"Every artist, was once an amateur"

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11 years 3 weeks ago #136299 by dwi3x4
Like I said, I disagree.


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11 years 3 weeks ago - 11 years 3 weeks ago #136302 by Stealthy Ninja
The obvious answer is some sort of vertical grip of course. :whistle:

Honestly I think a cam that has good AF or good IQ is a pro camera. It all depends what you use it for.

Though I'd say these are pro cameras (though the manufacturers may label them differently).

Canon 7D, 5DII, 1DIV, 1DsIII
Nikon D7000, D700, D3s, D3x

Of course Medium Format etc.

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11 years 3 weeks ago #136307 by MLKstudios

dwi3x4 wrote: Like I said, I disagree.

You're reading it wrong.

ANY camera held by a pro is a pro camera. See?

Matthew L Kees
MLK Studios Photography School
www.MLKstudios.com
[email protected]
"Every artist, was once an amateur"

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11 years 3 weeks ago #136310 by Stealthy Ninja

MLKstudios wrote:

dwi3x4 wrote: Like I said, I disagree.

You're reading it wrong.

ANY camera held by a pro is a pro camera. See?


You guys are arguing semantics.

One is saying the skills of the pro makes the difference.

One is saying it doesn't matter who's holding it, it doesn't magically change the camera into a better one.

Both are right and the argument will just run in circles.

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11 years 3 weeks ago #136311 by butterflygirl921
in my opinion any slr camera is a proffessional camera and its all about how you use it


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11 years 3 weeks ago - 11 years 3 weeks ago #136317 by Stealthy Ninja
Like I alluded to above, there's two sides to this.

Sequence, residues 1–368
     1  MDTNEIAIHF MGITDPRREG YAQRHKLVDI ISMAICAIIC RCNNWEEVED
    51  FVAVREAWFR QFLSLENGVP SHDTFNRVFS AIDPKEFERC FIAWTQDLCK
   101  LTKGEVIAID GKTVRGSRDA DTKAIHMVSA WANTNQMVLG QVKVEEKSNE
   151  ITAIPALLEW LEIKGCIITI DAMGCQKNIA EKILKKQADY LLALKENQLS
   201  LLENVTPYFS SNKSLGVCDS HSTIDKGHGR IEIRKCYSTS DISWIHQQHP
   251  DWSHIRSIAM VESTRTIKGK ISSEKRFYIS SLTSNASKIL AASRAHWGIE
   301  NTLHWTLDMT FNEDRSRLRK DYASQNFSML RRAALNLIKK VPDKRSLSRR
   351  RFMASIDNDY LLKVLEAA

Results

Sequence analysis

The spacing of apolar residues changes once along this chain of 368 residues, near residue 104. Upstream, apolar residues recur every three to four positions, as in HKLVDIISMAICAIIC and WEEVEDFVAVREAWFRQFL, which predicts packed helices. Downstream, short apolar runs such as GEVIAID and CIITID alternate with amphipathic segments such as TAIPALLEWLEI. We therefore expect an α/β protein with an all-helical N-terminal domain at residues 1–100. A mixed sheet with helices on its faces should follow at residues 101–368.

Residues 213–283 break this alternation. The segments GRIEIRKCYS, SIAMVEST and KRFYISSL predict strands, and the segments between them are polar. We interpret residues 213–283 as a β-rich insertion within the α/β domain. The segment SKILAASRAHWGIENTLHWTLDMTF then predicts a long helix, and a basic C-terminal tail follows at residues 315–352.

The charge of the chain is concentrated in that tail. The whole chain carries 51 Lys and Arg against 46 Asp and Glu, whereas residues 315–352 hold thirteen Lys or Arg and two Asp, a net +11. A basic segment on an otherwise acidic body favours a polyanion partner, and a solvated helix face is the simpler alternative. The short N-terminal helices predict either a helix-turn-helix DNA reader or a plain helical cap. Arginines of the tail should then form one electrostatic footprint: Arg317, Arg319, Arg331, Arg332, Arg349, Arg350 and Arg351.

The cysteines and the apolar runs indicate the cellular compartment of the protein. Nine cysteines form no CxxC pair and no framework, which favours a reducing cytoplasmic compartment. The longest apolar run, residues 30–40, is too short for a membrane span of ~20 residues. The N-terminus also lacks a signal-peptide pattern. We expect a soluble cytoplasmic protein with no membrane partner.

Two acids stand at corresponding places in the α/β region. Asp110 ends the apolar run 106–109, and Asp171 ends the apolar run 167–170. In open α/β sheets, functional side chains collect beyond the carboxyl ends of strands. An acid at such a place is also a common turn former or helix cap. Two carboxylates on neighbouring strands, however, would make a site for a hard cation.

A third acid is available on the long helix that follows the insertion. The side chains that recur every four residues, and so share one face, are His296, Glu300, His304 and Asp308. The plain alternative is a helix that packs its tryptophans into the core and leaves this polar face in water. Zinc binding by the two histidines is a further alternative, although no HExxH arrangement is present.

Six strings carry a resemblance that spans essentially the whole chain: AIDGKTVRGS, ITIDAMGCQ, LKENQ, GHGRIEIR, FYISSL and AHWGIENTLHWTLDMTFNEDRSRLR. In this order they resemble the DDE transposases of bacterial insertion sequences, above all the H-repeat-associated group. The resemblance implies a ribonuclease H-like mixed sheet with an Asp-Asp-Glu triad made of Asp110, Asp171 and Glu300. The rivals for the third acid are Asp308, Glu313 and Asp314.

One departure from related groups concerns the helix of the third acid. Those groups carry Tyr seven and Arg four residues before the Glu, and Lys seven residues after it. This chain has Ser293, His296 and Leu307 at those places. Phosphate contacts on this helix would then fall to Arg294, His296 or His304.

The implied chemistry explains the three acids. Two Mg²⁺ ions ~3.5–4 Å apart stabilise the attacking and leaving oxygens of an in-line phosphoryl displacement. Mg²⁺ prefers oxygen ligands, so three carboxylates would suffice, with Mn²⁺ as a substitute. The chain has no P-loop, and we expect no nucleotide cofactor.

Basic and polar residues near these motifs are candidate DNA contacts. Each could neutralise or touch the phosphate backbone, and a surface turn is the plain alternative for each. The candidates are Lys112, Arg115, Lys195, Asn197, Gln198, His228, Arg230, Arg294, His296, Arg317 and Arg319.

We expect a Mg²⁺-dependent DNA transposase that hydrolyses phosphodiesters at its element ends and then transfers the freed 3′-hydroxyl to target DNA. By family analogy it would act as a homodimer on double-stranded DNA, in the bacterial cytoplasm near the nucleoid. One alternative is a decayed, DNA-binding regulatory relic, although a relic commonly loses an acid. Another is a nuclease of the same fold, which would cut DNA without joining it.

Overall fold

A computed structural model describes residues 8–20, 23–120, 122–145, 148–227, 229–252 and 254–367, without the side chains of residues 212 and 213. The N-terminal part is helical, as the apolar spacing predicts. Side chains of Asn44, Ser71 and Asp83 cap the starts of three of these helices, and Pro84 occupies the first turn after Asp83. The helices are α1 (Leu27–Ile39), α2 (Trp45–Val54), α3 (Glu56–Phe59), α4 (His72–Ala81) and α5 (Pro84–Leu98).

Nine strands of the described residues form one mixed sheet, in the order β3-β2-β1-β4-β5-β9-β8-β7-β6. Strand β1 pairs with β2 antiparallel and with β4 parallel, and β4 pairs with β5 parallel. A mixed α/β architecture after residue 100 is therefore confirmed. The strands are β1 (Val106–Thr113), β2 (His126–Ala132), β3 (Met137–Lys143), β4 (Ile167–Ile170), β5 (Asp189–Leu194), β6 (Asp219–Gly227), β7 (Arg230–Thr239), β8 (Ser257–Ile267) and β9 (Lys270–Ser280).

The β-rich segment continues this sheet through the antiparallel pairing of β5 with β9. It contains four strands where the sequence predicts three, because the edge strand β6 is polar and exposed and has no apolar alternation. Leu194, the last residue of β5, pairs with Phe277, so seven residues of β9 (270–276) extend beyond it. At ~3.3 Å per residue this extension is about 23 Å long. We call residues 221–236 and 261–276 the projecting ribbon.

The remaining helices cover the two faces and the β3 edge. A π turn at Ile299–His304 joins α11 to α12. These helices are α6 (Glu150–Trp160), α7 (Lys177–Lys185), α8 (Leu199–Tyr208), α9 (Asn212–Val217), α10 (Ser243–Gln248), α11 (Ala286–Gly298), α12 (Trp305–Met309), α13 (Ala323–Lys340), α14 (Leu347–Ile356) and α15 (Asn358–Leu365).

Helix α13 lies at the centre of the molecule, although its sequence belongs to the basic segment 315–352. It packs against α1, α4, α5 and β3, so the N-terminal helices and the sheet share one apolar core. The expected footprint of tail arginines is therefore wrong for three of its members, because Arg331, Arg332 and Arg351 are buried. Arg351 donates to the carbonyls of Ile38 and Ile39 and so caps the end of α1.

Yes a pro can take a good photo with a crappy camera.

BUT there are definitely things that a camera can include that a pro can use to their advantage. Like AF, good high ISO, Dynamic Range, stronger bodies etc. etc.

THAT's what make a "pro" camera. All that stuff designed to be used by a pro.

So yeh two sides to it. A pro can take a better photo than a amateur with a P&S for example. It's nice an PC to say things like "a pro makes the camera" or whatever. But fact is a pro knows what they need and demands more from a camera than an amateur. Therefore camera makers make cameras aimed at these pros who know/need/demand a camera that suits their needs.

These cameras are therefore "pro" cameras.

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11 years 3 weeks ago #136384 by Happy Snapper
But the camera salesman said this camera would make me a pro? :rofl:

Gripped Nikon D810 --- Sigma 70-200mm f/2.8 --- Sigma 10-20mm f/4 --- Nikon 50mm f/1.4 --- SB600
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11 years 3 weeks ago #136386 by MLKstudios
Did it?

Matthew L Kees
MLK Studios Photography School
www.MLKstudios.com
[email protected]
"Every artist, was once an amateur"

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11 years 3 weeks ago #136825 by Rawley Photos

Happy Snapper wrote: But the camera salesman said this camera would make me a pro? :rofl:



:rofl: :rofl: :rofl: